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People In France Are Being Asked To Eat More Traditional Cheeses As The Dairy Industry Struggles

Because of COVID-19, the sale of cheese in France has dropped more than 60%.

The COVID-19 outbreak has affected many industries, including the dairy industry in France. That is why people in that country are being asked to eat more cheese because the sale of cheese has dropped more than 60%.

A press release, previously reported on by Insider, speaks about the French dairy industry (Terre de Lait), and some of the issues that cheesemakers are facing. After the press release was translated, they said that people have “shunned ‘pleasure’ foods-including their cheese platter.” They also talked about suppliers rushing to keep milk in the grocery stores but cheese is at a surplus because of the closure of restaurants and open-air markets.

Some of the traditional French cheeses that are mentioned in the release include Saint-Nectaire, Reblochon, Cantal, and Camembert, but there are others that are being affected. A campaign has been launched, #Fromagissons which is a contraction of “Fromage” and “Agissons,” which translates to “let’s act for cheese.”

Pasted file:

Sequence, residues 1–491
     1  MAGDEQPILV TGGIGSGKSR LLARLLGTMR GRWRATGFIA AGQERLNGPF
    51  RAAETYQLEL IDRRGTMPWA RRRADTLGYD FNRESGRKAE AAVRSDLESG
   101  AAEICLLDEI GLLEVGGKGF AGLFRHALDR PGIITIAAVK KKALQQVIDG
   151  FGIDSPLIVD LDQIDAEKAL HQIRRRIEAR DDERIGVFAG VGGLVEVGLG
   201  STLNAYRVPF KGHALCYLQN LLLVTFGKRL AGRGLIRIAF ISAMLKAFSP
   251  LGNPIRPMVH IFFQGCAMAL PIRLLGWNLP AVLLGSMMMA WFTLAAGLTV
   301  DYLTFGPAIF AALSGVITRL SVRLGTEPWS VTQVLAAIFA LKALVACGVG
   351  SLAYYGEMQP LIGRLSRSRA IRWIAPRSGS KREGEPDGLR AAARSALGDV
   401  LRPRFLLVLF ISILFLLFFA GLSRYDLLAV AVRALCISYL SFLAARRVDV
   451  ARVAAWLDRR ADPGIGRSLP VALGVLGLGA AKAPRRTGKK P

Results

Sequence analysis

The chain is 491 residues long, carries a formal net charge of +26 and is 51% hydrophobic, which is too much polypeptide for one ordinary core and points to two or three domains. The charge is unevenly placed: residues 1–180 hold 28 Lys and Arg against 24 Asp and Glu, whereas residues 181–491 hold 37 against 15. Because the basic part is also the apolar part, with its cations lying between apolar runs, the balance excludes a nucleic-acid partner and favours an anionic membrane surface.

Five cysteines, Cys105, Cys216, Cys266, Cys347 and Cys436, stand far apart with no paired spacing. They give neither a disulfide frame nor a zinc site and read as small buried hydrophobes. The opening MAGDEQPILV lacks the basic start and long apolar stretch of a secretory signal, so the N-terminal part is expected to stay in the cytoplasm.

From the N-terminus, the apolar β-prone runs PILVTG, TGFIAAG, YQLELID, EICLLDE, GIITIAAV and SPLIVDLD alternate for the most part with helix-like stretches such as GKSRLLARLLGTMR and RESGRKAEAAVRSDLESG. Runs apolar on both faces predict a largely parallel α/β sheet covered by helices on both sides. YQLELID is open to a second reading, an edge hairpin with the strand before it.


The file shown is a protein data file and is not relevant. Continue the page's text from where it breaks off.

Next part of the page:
Photo: Pixabay/Free-Photos

The campaign would like French people to start purchasing more cheese to help dig the dairy farmers and traditional cheesemakers out of their struggling situation. They also want the dairy industry to work in unison to help keep the supply chain moving.

“It is all the women and men in the sector who can reorganize and work together so that France remains that of 1,000 cheeses,” the release said.

If they move forward with the plan to reopen markets on May 11 in France, it may reduce the issue. Then again, that is the same date that Michel Lacoste, president of CNAOL, the organization that represents 45 traditional dairy producers, said that the cheese supplies are set to expire.

“Two thousand tonnes of cheese were to leave our cellars in April, we still have 1,500. If they are not distributed before May 11, they will be out of date,” he said.

When speaking to the publication, Les Echos, Lacoste said that cheesemakers are looking to sell excess products “inexpensively in order to give them to the poor” and calling on people, in general, to purchase traditional cheeses from their local stores.